Re: Latvian and Marshallese Ad Hoc Report (cedilla and comma below)

From: Szelp, A. Sz. <>
Date: Wed, 19 Jun 2013 15:34:07 +0200

The COMMAN BELOW / CEDILLA problem is typically something that probably
cannot be solved in Unicode in a way to satisfy every possible aspect.[^1]
These problems are an artifact of the historical development of Unicode,
and as a standard, stability issues seem to be high priority. Higher
priority usually, than canonical equivalences and NFD, especially as NFC is
the usually recommended form.

To fix these is probably a "to keep in mind" item for a hypothetical *
*NeoUniCode* standard of the future, as so many other issues. With modern
font technologies capable of language dependent glyph variants and markup
languages, a unification from the beginning might be a solution, or to
disunify the "both forms acceptable" from either (with the drawback of even
more confusables). However, these considerations are pretty academic and
hypothetical from a current Unicode point of view.

The case is similar with CARON / COMMA ABOVE RIGHT of Czech/Slovak, posing
probably an even harder case. Here one might consider for a hypothetical *
*NeoUniCode* standard encoding them as they canonically appear—with CARON
for uppercase and COMMA ABOVE RIGHT for lowercase and define
language-dependent casing behaviour, as it is already done with Latin SMALL
WITH DOT ABOVE for Turkish in the current Unicode standard. (And while at
it, one could consider do away with separate code points for uppercase
letters altogether and resolve the issue with a mechanism similar to
combining characters or variation selectors).


[^1]: In fact, in languages where both presentations are equally
acceptable, even the (synchronic) identity is hard to determine: is it a
CEDILLE that can take COMMA form as well, or the other way around?

Szelp, André Szabolcs

+43 (650) 79 22 400

On Wed, Jun 19, 2013 at 2:41 PM, Denis Jacquerye <> wrote:

> On Wed, Jun 19, 2013 at 9:12 AM, Michael Everson <>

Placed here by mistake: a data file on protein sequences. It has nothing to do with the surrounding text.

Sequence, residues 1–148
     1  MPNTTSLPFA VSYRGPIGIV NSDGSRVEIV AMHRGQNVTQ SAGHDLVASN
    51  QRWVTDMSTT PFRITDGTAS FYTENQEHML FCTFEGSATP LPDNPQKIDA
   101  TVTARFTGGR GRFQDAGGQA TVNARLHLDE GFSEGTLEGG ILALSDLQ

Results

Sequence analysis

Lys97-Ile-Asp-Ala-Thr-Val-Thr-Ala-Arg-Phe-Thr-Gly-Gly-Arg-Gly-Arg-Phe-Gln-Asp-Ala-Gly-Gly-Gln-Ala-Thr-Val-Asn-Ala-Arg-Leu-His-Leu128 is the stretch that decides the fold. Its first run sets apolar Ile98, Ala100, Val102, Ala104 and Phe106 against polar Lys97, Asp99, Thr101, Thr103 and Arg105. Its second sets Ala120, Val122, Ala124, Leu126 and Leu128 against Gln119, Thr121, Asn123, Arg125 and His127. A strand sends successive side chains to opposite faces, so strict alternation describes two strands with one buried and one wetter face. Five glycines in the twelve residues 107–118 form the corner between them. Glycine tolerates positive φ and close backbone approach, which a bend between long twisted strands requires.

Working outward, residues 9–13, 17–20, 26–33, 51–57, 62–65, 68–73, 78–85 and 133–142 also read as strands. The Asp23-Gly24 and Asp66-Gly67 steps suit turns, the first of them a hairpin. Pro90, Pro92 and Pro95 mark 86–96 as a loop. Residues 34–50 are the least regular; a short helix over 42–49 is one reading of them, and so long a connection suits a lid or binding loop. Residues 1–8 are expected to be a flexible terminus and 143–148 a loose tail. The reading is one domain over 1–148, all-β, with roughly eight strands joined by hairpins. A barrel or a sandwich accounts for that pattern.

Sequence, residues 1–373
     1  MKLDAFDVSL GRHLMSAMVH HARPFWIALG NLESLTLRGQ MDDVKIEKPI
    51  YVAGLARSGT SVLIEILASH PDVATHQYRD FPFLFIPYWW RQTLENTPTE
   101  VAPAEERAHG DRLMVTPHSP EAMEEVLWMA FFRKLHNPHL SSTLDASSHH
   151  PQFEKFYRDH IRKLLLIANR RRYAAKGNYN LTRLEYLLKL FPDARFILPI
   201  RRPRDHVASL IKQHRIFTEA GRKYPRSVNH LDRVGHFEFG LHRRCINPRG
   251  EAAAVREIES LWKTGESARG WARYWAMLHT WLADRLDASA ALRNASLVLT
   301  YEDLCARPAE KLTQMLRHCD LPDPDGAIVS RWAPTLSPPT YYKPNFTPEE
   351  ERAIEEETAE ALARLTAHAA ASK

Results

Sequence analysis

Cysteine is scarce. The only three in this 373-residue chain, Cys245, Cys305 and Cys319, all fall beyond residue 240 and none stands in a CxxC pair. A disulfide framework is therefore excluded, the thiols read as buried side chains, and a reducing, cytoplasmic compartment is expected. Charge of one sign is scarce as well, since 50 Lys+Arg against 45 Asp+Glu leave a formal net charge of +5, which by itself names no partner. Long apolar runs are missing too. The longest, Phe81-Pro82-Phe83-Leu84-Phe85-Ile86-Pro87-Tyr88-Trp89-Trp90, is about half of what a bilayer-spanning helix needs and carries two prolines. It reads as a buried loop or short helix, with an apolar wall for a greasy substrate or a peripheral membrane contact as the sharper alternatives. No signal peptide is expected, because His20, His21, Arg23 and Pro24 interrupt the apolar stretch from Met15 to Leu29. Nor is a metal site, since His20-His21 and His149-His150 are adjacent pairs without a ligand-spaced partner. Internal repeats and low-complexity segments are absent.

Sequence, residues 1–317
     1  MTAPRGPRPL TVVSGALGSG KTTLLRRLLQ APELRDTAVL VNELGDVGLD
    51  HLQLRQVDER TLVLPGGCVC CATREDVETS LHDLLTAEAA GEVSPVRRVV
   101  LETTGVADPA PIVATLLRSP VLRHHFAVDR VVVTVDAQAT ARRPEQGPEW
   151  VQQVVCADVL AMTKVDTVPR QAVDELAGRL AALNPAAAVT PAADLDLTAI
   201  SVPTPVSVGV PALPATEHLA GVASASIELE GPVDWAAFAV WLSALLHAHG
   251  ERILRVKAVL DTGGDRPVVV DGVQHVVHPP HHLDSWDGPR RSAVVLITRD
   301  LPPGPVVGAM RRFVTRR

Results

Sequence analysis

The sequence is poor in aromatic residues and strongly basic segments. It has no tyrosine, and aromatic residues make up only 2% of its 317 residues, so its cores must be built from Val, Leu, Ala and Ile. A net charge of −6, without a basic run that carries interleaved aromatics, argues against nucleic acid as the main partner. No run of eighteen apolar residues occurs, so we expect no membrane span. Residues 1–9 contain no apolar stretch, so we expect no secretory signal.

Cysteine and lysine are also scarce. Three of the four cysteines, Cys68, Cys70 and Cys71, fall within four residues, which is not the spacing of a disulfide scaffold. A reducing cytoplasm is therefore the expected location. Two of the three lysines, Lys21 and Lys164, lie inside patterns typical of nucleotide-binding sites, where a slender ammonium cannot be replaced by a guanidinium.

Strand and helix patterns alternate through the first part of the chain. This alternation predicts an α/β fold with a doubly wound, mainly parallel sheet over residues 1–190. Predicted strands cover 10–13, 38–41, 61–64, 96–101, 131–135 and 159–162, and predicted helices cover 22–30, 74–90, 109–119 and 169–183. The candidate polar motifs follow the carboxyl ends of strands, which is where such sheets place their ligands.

> wrote:
> > On 19 Jun 2013, at 07:54, Denis Jacquerye <> wrote:
> > [...]
> >> How would one rationalize using one diacritic U+0327 with M/m and O/o
> but not with L/l and N/n in Marshallese?
> >
> > The same way one would rationalize using precomposed ãẽĩñõũỹ (aeinouy
> with tilde) but a necessarily de-composed g̃ (g with tilde) in Guaraní.
> This is wrong: ãẽĩñõũỹ normalize to use U+0303 in NFD, so they
> canonically use the same tilde as g̃.
> The 4 additional non decomposable characters with Marshallese with
> cedilla would not normalize to use the same cedilla as the others
> Marshallese characters with cedilla. The would no canonically use the
> same cedilla.
> > [...]
> >> It would require less new characters to be encoded and would make it
> easier to support in fonts (adding 1 instead of 4).
> >
> > No! Because if you added a single new character you'd have to make sure
> you had good glyph placement with LlMmNnOo which is eight glyphs.
> The best practice would require to add diacritical mark placement
> whenever necessary if not on all possible base character, M/m and O/o
> would still need either way, L/l and N/n would need it for other
> combining diacritics either way.
> A modern font already needs to be able to correctly place combining